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A New Spin on Single-Use Packaging

By Hollie Moxham

Wednesday 20 December 2017 Student Journalists

We are living in a world of single-use, disposable packing; from the bags at your local supermarket, to the cups at your nearest coffee shop. It’s a habit that encourages littering, endangers wildlife, and creates tonnes of unnecessary waste. Your single-use plastic bag will stay in the ocean far longer than it will take you to carry your shopping home.

We’ve compiled four simple ideas to help reduce the impact of single-use packaging on the environment, and bring sustainability into your life.

1. Reuse your bags

Every year, eight billion tonnes of plastic ends up in our oceans, and a lot of this will be consumed by marine creatures. Since introducing a carrier bag charge to the UK, six billion fewer single-use bags have been bought, meaning less danger to our marine species, and a more sustainable way for us to shop. Most retailers now sell reusable ‘bags for life’, which they will replace for free if they rip or break. But we could take this even further by using fabric tote bags for our weekly shop.

2. Recycle your bottles

Coca-Cola have recently launched a new advertising campaign to remind us that 100% of their packing is recyclable – including their bottles, cans, lids, and even the glue used on their labels. But that statistic is useless if only half of the packaging gets recycled. We can all help by being a little more thorough when throwing our cans and bottles away – whether that’s walking a metre further to the nearest recycling bin, or separating our weekly waste.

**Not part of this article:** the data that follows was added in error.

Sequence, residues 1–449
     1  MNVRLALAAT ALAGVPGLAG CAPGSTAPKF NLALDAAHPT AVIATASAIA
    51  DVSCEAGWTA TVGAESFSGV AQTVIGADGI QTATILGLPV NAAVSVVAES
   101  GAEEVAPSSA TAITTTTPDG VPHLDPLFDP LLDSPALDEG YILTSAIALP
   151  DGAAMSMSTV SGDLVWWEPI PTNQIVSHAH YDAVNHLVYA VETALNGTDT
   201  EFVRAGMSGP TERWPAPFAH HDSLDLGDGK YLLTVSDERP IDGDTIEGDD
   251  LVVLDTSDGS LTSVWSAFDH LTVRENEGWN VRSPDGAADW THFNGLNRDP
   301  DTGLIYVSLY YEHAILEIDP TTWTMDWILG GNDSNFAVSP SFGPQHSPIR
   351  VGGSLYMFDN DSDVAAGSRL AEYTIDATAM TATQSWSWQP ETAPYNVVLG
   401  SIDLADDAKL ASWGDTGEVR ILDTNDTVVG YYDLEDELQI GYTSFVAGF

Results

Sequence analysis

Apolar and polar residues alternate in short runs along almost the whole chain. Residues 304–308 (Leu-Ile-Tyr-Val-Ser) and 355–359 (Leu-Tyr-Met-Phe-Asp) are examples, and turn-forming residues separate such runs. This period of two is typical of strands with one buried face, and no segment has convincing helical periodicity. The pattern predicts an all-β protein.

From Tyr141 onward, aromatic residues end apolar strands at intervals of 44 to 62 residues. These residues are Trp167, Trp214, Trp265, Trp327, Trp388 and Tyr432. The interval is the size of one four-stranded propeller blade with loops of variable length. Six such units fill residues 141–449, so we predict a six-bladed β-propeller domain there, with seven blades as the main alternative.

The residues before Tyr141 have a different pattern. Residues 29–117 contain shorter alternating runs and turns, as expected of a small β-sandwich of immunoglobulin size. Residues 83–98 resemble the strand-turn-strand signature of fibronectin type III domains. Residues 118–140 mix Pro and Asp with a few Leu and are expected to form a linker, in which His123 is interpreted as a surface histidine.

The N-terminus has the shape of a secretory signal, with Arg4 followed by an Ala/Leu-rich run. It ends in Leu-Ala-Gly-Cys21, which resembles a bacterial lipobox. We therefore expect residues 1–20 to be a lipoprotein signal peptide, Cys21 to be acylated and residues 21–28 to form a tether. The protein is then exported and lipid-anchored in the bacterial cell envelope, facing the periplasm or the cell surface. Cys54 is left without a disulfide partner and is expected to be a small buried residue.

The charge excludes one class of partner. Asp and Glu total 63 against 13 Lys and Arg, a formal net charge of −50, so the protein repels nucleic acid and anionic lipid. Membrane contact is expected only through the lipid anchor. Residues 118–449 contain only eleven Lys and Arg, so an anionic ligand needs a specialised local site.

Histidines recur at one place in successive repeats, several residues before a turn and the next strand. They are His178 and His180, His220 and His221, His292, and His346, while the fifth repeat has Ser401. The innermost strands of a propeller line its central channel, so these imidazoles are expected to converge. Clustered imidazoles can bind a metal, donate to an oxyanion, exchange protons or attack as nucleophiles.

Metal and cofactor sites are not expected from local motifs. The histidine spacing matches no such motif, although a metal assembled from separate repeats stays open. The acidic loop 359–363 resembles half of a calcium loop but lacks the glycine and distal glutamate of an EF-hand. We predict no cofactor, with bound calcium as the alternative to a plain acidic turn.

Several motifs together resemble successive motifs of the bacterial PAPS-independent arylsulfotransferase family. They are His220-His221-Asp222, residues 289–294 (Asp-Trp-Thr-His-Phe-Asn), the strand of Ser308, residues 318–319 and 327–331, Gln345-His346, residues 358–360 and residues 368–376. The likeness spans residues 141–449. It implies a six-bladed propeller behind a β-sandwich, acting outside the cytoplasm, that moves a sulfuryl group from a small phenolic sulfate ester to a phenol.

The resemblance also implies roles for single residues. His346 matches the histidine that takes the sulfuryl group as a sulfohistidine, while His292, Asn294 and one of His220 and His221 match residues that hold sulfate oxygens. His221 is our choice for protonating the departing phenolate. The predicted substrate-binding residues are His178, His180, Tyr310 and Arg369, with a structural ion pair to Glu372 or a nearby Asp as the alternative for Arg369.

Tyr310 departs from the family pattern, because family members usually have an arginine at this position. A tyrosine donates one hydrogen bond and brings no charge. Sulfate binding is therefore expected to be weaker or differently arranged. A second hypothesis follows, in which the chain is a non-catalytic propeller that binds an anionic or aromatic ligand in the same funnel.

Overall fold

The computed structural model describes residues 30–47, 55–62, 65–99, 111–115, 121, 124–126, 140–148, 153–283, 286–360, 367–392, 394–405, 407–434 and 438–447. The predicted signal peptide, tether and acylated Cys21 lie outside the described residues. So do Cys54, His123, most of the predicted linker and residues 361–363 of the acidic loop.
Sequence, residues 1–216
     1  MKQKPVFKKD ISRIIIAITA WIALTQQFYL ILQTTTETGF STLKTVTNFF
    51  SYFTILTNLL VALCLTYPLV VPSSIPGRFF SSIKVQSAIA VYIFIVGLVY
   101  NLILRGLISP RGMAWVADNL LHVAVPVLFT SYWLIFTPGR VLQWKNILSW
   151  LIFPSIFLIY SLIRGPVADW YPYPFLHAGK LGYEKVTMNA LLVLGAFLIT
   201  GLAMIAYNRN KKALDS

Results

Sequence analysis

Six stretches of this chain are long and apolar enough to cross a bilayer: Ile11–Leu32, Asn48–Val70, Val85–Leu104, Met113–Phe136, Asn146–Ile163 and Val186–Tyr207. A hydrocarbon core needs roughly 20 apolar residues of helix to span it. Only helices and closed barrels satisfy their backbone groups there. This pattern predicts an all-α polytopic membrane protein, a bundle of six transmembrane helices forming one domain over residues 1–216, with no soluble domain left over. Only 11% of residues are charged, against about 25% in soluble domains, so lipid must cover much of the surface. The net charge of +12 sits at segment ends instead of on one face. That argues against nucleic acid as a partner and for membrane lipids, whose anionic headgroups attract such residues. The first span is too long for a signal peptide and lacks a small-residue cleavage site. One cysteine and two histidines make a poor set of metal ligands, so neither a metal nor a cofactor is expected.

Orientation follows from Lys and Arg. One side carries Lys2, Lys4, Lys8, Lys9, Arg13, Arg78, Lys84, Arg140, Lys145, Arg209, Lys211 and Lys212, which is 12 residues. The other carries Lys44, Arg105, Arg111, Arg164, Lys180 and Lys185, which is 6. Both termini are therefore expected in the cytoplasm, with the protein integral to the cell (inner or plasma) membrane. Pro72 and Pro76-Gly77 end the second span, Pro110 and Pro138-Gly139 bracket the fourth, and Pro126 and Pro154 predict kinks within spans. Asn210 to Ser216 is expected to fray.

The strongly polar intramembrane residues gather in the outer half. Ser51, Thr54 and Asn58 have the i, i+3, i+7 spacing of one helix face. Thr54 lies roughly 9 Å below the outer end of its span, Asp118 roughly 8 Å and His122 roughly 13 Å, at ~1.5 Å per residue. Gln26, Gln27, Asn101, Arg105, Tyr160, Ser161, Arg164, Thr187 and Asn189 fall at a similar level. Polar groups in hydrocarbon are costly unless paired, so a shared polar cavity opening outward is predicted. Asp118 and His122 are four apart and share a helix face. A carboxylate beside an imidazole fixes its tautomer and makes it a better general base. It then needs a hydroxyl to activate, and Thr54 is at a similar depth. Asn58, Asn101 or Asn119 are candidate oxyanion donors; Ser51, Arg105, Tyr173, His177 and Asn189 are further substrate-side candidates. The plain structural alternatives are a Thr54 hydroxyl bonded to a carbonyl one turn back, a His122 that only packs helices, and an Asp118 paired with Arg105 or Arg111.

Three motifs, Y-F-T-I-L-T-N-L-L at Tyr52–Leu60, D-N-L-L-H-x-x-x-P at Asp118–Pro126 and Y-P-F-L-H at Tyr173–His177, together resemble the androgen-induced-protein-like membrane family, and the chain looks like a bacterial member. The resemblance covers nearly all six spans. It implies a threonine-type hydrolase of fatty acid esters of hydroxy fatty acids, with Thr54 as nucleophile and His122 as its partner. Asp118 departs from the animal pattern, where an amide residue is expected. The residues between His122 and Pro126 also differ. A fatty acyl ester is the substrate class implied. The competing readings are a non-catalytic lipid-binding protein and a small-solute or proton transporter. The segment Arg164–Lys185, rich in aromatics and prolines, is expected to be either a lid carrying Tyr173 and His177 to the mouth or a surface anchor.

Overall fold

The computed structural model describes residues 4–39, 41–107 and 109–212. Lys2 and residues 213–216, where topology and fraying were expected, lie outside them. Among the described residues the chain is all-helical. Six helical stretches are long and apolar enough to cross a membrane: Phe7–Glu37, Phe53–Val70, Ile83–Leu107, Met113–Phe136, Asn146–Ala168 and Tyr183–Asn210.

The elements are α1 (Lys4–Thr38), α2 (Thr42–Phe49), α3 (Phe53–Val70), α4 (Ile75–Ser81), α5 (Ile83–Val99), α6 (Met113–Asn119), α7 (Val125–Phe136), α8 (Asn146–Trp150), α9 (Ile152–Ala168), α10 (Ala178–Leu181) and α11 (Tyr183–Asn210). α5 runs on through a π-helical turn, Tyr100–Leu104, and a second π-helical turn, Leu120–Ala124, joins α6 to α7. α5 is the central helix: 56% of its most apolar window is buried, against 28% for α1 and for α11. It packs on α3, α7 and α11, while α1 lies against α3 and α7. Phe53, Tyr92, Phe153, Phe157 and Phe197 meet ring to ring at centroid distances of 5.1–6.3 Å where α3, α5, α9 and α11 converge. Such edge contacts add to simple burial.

3. Replace your cups

Seven million single-use coffee cups are thrown away every day in the UK. The plastic lining used in these cups means they can’t be recycled, creating 25,000 tonnes of waste a year. Instead, they can be replaced with ceramic travel mugs. These can be reused again and again - and as an extra incentive, some coffee shops may even offer money off when you bring your own cup.

4. Remove your straw

Single-use straws are used for 20 minutes and take around 500 years to decompose: it’s extreme waste for minimal convenience. This is why NUS have launched The Last Straw campaign, to encourage us to say ‘no’ to a straw, or replace it with a reusable one. Support the campaign by signing the NUS pledge linked below, and share the hashtag #TheLastStraw, to spread awareness.

Thousands of marine animals and seabirds die every year from ingesting plastic or getting stuck in packaging, and around 80% of that plastic comes from our rubbish. Single-use packaging makes up a huge proportion of this. If we can reuse our carrier bags, recycle our cans and bottles, replace our coffee cups, and remove single-use straws, we could save the lives of marine wildlife, and encourage a more sustainable lifestyle.